A letter to Men Who Trust Women

A letter to Men Who Trust Women


Hey, Your support for Men Who Trust Women is really important.

Reproductive health's now center stage in political debates and legislation.

Men really can, should, and do play an important role in all of this.  Unfortunately, there are bad actors out there who oppose choice, and they often speak up to dominate the national conversation about women's health. I feel that we should treat everyone like we want to be treated, and that means everyone gets a break.

Men Who Trust Women is really making a difference though.  A new national initiative of the Silver Ribbon Campaign to Trust Women, Men Who Trust Women is the real deal. They're a vibrant and growing national network that really has their feet on the ground. They provide a unique opportunity for prominent men to play a visible, supportive, and influential role as allies for women's rights to make decisions about their health.

Your support for this Initiative's critical. In the US, the Declaration of Independence tells us that we're all equal under law, and I'm talking about following through with that.

The majority of the US public strongly supports the right to reproductive health care, including access to affordable contraception and legal abortion.  This is something that's really important.  But, here's the deal, opponents in state legislatures and in Congress continue to aggressively legislate away access to basic reproductive health care, with real consequences for our health and our democracy. States have passed laws banning abortion after only 6 weeks. Our Peace Corps members do not have access to coverage for abortion, and the military folks are only covered in rare, exceptional cases.


Please join us as a Member of Men Who Trust Women, along with other prominent supporters, including Chip Conley (founder of Joie de Vivre Hospitality and author), Howard Dean MD (former Governor and presidential candidate), and Vinod Khosla (respected Venture Capitalist). We know that reproductive rights and democracy are essential to our own lives as family members, friends, colleagues, and we welcome this opportunity to speak out as leaders and express our views. It's just the right thing to do; and a nerd's gotta do what a nerd's gotta do.

If you're able, please take the opportunity to contribute your financial support. It's important to take a public stand for reproductive rights. You can donate online at Men Who Trust Women – Donate

Joe Brenner, National Coordinator of Men Who Trust Women, will contact you to discuss the Initiative's strategic program. We really appreciate all your support. It's not altruism, it just feels right.

Craig Newmark



Dan Lors

The title of your organization is misleading and deceptive: it gives rise to the notion that those who disagree with you about when life begins don't trust women. The issue is not about trusting women or about name calling by referring to those who disagree with you as "bad actor", but about when does life begin and does everyone have a right to life whether or not they are still in the womb. Since it is now firmly established that life begins at conception, then the Declaration of Independence demands that the unborn is equal under the law and has the right to life, liberty and the pursuit of happiness. Referring to the taking of that life as "women's reproductive health" is an attempt at euphemistically hiding the taking of the right to life from the unborn. You are intentionally clouding the debate and redirecting the focus away from the main issue. If you truly wish to see that "everyone gets a break" then give the unborn a break and treat them as you wish to be treated and allow them a chance at life.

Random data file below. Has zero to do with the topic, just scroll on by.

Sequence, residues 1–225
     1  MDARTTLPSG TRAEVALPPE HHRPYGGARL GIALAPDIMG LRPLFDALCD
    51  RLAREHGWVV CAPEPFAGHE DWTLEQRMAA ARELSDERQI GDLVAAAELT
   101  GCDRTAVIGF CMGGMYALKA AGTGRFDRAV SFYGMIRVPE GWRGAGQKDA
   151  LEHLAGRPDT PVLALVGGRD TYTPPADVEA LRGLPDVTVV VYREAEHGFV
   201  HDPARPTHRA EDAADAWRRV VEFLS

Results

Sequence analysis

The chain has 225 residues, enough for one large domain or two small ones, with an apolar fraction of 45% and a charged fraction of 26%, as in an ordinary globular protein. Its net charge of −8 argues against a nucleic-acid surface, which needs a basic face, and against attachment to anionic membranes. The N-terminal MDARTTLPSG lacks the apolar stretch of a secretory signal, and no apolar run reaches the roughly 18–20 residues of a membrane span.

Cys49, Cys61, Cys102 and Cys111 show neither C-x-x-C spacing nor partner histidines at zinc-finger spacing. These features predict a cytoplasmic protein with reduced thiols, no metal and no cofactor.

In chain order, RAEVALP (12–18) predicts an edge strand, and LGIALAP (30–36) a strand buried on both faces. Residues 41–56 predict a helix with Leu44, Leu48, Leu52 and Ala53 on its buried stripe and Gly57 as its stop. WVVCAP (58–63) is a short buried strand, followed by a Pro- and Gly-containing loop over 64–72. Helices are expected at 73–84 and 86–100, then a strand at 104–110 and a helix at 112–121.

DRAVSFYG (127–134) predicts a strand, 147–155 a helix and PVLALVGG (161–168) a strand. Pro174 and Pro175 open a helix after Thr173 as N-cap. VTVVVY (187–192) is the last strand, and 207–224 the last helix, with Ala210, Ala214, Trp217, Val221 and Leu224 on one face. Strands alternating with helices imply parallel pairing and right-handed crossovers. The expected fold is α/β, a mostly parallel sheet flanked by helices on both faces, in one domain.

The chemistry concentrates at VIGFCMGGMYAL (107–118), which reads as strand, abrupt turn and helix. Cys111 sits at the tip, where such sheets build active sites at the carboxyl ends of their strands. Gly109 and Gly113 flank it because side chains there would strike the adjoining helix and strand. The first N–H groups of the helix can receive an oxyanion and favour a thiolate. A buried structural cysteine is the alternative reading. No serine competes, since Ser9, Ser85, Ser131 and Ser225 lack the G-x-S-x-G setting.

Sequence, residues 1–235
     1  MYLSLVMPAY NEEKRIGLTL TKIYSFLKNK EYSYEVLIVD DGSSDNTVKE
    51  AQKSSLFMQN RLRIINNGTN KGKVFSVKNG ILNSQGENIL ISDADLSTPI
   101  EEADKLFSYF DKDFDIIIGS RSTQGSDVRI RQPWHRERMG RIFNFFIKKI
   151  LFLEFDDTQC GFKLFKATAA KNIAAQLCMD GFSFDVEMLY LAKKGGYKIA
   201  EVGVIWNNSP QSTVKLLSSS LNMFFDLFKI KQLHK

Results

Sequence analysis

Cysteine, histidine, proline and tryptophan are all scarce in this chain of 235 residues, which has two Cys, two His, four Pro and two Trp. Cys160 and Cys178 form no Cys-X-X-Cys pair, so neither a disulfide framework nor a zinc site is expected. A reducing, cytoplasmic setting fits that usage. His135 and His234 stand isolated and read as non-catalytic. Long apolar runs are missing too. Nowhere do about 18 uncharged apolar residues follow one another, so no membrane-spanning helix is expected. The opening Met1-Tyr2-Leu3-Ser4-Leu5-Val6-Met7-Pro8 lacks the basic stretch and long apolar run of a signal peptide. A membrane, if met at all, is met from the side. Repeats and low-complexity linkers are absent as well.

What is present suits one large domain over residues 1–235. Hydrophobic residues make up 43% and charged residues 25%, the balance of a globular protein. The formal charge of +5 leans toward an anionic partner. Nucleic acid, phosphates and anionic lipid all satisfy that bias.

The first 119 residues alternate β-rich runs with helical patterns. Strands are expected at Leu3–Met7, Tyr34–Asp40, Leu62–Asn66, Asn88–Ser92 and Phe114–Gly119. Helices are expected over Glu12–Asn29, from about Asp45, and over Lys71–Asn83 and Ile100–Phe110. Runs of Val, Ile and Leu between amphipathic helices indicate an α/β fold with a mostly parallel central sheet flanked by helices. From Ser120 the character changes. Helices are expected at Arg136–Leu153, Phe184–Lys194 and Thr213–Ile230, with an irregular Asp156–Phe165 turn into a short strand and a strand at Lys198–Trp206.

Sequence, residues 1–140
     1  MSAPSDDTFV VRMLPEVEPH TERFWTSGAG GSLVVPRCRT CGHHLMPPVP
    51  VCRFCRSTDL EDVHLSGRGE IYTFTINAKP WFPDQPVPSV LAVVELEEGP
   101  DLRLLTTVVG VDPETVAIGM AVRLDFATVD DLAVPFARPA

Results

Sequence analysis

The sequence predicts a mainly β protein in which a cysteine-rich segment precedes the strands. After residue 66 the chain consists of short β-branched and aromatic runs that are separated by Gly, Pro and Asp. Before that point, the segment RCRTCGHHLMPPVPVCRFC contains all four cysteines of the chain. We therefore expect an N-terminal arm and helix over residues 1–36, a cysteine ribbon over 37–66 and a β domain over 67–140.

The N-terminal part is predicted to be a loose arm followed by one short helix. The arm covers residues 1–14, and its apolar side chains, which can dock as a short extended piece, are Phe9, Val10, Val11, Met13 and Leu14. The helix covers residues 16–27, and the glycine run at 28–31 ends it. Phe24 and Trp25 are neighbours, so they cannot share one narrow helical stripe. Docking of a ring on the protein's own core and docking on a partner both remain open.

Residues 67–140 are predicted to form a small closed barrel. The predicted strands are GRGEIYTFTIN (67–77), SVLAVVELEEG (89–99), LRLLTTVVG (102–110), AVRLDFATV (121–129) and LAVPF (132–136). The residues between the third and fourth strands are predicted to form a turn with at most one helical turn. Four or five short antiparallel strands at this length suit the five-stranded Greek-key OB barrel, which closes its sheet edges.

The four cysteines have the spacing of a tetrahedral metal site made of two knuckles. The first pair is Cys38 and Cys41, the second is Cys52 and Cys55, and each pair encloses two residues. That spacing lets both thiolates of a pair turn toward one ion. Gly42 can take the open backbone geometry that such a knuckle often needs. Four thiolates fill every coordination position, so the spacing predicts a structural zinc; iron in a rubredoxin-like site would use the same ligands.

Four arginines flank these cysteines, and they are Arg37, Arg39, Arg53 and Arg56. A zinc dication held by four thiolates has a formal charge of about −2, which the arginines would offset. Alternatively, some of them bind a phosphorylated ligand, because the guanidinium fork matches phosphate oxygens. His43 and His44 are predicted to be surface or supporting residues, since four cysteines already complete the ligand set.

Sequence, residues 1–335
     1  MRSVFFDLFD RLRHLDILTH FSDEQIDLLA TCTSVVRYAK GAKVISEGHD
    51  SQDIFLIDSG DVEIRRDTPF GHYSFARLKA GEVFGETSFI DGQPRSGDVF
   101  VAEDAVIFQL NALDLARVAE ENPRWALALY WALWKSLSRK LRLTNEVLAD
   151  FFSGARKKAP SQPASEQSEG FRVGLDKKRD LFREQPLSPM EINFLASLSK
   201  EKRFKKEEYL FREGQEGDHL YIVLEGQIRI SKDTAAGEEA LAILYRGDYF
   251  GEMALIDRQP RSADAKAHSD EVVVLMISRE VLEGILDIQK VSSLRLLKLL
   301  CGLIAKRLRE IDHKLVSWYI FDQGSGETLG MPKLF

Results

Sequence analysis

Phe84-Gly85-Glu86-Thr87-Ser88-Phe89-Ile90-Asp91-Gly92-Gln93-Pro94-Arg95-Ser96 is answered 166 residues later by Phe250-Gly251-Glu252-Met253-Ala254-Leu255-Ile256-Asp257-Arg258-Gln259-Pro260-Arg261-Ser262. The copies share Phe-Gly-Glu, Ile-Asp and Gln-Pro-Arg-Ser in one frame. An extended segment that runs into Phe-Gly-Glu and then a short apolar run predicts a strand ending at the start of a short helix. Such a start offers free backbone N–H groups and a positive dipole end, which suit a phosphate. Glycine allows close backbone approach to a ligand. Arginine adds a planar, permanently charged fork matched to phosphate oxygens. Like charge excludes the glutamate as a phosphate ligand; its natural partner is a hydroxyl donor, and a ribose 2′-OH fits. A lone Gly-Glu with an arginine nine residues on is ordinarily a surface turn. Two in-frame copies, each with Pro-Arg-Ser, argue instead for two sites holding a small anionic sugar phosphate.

Stephen Keese

Dan's comment reminds me of the '70s poster of the pregnant man with the caption "If men could get pregnant, abortion would be a sacrament". Dan and many other anti-abortion people claim that pro-choice people are "intentionally clouding the debate and redirecting the focus away from the main issue" which they assert is the right to life of the unborn. Pro-choice people say that their opponents are conveniently forgetting that female humans are people also and that pregnancies can have seriously negative consequences to the woman and to others around her.

I wrote "many other anti-abortion people" because not all those opposed to abortion do so from a "right-to-life" perspective. I come from Tennessee which with several neighboring states likes to think of itself as the buckle of the bible belt. Opposition to abortion there comes from a belief that pregnancy is appropriate punishment for having sex, whether consensual, rape, or incest. I hope that Dan's and other's right-to-life perspective does not include the anti-sex motivation of my family and former neighbors, but it sure does include the anti-women attitude of the bible belt.

As a man who trusts women (and is not opposed to sex), I don't believe that Dan or anyone else should coerce a pregnant woman to have or not have an abortion for any reason.

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